The north London MC recently scored drill’s first No 1 single, a triumphant turnaround after spells in prison. He explains why he wants to lift up a community living in ‘survival mode’

Dennis Junior Odunwo, AKA Tion Wayne, is a hard man to pin down. After a short wild-goose chase from our intended meeting point, we meet at a friend’s house in Lower Edmonton, London, where Odunwo has just finished getting his hair cut, to discuss his debut album, Green With Envy. Odunwo’s often menacing delivery on the mic contradicts his in-person demeanour; he’s polite and friendly, almost bashful. He’s still coming to grips with the vulnerable nature of interviews, he admits. “I’m not all the way there yet. I don’t really like giving away all of myself.”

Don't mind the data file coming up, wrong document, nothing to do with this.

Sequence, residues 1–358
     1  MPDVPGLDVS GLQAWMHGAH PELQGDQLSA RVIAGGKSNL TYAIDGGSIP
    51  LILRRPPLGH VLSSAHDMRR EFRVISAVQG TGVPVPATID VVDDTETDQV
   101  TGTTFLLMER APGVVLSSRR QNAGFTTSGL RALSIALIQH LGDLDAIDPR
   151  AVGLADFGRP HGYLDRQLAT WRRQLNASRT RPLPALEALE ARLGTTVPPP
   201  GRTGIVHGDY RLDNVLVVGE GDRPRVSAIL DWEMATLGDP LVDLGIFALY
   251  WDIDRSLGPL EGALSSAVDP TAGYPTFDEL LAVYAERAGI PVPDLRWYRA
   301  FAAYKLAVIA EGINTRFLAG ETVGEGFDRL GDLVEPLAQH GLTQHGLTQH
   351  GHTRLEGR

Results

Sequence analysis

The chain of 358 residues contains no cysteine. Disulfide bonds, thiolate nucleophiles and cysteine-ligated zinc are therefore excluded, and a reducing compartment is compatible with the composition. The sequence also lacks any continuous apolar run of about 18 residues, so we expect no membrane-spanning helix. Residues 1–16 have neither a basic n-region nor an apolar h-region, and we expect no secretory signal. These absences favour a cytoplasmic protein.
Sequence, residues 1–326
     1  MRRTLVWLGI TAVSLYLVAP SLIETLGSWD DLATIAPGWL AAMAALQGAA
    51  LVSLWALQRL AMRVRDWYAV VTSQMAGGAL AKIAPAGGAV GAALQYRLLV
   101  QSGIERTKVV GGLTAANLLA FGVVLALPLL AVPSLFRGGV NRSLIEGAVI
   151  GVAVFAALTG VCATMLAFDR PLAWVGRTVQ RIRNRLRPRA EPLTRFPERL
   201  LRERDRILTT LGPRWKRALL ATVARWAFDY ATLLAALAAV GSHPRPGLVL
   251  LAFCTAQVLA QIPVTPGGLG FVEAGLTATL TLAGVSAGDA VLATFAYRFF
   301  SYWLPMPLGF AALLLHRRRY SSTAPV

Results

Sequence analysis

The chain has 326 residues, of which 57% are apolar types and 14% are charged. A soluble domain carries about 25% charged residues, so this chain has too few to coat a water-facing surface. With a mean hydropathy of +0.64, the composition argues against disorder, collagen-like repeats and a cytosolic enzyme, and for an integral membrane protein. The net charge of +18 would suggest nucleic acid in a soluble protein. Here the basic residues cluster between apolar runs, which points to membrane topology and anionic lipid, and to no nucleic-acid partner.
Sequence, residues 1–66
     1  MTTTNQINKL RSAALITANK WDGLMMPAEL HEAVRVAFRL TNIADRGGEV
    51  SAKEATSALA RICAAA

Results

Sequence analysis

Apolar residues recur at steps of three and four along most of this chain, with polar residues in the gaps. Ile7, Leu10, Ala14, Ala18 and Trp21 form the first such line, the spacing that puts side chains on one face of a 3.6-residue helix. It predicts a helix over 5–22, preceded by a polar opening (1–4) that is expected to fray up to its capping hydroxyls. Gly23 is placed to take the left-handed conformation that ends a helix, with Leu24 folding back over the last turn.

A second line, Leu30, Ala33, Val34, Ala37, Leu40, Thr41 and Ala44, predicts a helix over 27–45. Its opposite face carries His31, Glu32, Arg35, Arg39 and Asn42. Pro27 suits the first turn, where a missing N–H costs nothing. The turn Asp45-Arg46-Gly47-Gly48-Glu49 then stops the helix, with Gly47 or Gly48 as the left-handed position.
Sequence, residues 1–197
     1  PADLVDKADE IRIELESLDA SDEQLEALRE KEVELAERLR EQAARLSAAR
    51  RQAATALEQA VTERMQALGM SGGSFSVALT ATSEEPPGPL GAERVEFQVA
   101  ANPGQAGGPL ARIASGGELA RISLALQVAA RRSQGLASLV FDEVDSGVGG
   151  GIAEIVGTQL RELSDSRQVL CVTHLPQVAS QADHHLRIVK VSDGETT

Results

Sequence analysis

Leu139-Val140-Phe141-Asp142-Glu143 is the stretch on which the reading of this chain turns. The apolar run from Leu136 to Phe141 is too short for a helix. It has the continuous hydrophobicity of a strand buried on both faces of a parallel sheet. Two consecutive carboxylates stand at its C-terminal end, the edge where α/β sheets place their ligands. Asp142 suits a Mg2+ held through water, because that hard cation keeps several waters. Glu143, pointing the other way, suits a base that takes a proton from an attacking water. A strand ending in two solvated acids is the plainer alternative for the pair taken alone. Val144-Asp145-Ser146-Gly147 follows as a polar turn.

Green With Envy is his first album, although the 28-year-old has long been an emergent star in the UK rap scene, first cropping up on YouTube in 2010 and gaining further hype with his Wayne’s World mixtape trilogy. His use of melody marks him out, with punchy staccato rhythms and sing-song delivery meshing perfectly with the hi-hats of drill. He has had a string of Top 10 hits including I Dunno – featuring guest stars Stormzy and Dutchavelli – and two catchy, cheeky tracks with Russ Millions: 2019’s Keisha & Becky and 2021’s Body. Each was further enhanced with posses on remixes, and the latter became the drill genre’s first No 1 in May (and won him two gongs at this week’s Rated awards). The disbelief still tickles him. “I was expecting it to take off, but not like that, no,” he laughs. “I don’t think anyone could anticipate that.”

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